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Comparing Different Soil Amelioration Techniques to Improve Subsoil Acidity

Comparing Different Soil Amelioration Techniques to Improve Subsoil Acidity

  • Author: Wheatbelt NRM
  • Date Posted: Jan 3, 2017
  • Category:

Project Details

Project Delivery: Wheatbelt NRM, Individual Landholder

Contact: Fiona Brayshaw

Ph: 96703100

Email: fbrayshaw@wheatbeltnrm.org.au

 Website: Wheatbelt NRM Website

Start Date: 2014                       End Date: 2017

Site ID: SA00022SA1

Area (Ha): 79 ha

 

Project Aim

To evaluate various mechanical soil amelioration techniques used to improve subsoil acidity, both with and without lime (chemical amelioration).

Project Description

Water Use Efficiency (WUE) is a key driver to optimizing yields and being sustainable in lower rainfall districts.  Crops need to be able to access the sub-soil to make full use of the soil moisture, but sub-soil constraints such as acidity, limit WUE. Soil acidification is recognized as a major soil constraint that is threatening both agricultural economic and natural resource throughout the productive agriculture areas of Western Australia.  It is one of the few soil constraints that can be treated, but questions remain about what is the best incorporation method (if at all), how long will the benefits last and is it economical (particularly in the WA central and eastern Wheatbelt).  All of these questions become key to its adoption.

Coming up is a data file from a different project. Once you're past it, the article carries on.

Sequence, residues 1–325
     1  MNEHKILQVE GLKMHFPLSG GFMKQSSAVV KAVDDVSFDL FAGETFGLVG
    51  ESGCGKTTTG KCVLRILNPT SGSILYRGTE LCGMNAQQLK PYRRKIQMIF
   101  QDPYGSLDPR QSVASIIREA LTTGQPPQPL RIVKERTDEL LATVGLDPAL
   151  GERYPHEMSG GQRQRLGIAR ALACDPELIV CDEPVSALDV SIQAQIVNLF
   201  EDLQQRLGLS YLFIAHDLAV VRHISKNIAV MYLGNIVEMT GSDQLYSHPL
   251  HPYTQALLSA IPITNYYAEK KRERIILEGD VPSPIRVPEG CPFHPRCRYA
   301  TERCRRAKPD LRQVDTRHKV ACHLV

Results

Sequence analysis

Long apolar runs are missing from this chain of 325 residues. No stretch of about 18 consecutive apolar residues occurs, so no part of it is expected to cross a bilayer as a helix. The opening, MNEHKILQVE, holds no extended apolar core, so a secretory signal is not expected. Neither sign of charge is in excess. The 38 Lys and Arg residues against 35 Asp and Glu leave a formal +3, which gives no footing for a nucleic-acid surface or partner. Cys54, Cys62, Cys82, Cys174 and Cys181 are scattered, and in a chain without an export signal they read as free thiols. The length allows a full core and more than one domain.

Since the early nineties an extensive liming program has been implemented across the trial property, with many parts receiving in excess of 5 t/ha.  This has addressed the top soil pH, however pH levels in the subsoils (15-30cm) in many parts of the farm is still low and is potentially limiting access to water and nutrients.

This project will compare the incorporation of zero or 2t/ha of lime sand with deep ripping, one-way plough and spader combinations in a replicated plot trial, measuring their effects on crop production.

Project Outputs

Project outputs will be added once the trial has been completed.

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